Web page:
I haven’t been in Kyiv since winter. I wanted to go back so badly, and I managed to visit in July. Here is a long thread about my time there. No analyses, only personal experiences.

Was I scared to go there? In July the frontline was far from Kyiv, so not because of the war. I was afraid to see the gap between people I love in Ukraine and myself growing bigger.

I think there is a distance, a tremendous existential gap between a person who once heard air alerts and those who never heard them. It’s a luxury not to experience the feeling of knowing that nowhere is safe.

The trip to Kyiv was long and included 24 hours on the train. I didn’t have time to buy food, so I was lucky enough to be in a compartment with two lovely women who shared food with me. Btw, train was full of kids and women. The demographic consequences of this war in real life.

My fellow passengers were coming home to see their loved ones. I asked them what the hardest thing in this war for them was. One answered:

“I have been driving the whole night with my two daughters and 1wk-old grandson. I saw these scenes in movies where a woman is left on the street with her baby. I was always scared to be that woman. And here I am: my kids, night, bombs, and I don’t even know where am I driving.”

It was painful to hear. I didn’t know that everyone in Ukraine would have stories like that.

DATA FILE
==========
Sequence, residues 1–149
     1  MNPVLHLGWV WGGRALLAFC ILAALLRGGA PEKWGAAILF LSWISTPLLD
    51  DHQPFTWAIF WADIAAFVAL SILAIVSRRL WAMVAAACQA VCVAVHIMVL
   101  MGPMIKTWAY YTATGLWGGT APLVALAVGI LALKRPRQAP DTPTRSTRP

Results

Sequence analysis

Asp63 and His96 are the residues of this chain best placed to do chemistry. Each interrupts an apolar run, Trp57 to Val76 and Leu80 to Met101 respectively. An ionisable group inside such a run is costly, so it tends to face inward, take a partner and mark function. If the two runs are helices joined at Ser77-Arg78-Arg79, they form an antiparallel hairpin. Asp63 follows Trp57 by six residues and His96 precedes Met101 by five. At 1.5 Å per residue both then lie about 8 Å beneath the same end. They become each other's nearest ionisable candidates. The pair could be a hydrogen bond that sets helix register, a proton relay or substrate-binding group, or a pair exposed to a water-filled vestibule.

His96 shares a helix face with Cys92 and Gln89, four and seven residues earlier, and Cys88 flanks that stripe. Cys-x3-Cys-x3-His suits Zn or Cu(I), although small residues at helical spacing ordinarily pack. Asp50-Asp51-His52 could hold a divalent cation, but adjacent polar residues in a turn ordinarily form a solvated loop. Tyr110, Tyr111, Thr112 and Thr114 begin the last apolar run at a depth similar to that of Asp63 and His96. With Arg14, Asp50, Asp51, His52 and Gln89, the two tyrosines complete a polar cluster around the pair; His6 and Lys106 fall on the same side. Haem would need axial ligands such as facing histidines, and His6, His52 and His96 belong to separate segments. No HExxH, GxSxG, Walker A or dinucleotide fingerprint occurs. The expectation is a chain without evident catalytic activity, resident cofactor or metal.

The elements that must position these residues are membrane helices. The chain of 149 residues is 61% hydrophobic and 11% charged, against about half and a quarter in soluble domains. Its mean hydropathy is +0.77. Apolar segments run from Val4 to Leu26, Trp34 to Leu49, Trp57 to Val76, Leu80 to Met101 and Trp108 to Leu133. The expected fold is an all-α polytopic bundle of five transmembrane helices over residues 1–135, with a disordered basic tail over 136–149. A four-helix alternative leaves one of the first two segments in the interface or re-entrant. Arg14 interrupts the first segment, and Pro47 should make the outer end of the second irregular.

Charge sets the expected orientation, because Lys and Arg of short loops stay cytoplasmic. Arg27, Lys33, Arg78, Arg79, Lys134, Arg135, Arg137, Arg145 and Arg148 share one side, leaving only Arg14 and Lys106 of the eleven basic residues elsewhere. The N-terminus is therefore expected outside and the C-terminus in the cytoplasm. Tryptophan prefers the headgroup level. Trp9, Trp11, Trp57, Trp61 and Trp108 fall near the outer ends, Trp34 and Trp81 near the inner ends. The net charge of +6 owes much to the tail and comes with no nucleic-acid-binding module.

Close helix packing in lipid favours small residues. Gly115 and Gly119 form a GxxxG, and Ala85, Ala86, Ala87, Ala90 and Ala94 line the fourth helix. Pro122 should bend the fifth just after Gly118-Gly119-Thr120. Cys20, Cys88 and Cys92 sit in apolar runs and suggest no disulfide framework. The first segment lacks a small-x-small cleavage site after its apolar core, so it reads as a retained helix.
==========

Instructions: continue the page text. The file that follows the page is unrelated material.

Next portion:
We reached Kyiv. People were packing, the train stopped, and everyone was hurrying to leave the train. “Papa!” – one two-year-old kid saw his father through the car on the platform. I don’t know how long he hasn’t seen him. This sky was greeting us.

The city has changed. No monuments were visible, each of them covered with sandbag protection. Next to some — destroyed russian vehicles:

The city is big and lively but not during the night anymore. Due to the curfew, Kyiv becomes empty after 10 pm. It’s unusual because typically this is the time to hang out with friends in the summer.

Not a lot of people are hiding in the shelters during air alarms. It is still dangerous, but living in constant fear is impossible. Tbh, I don’t know how you can work during the day if you follow the rules and run to the shelter once-twice per night, staying there for 1+ hours.

So we sheltered in the bathroom.

Once, there was another alarm at night. I didn’t want to get up from my bed. “Not here, please, not here.” I woke up and saw the news about the bomb shelling in Vinnytsa. It was indeed not “here.” This was when I realized that each alarm is also the sound of someone’s death.

The outskirts of Kyiv have a lot of traces of russian “liberators”. People are taking pictures in front of them. It’s hard to believe that someone in this vehicle came to my country to kill my people. This was so surreal to me. He might even have had relatives here.

This is Borodyanka. If you zoom in enough, you can see people’s past lives stolen from them. Everyday items became historical evidence of war.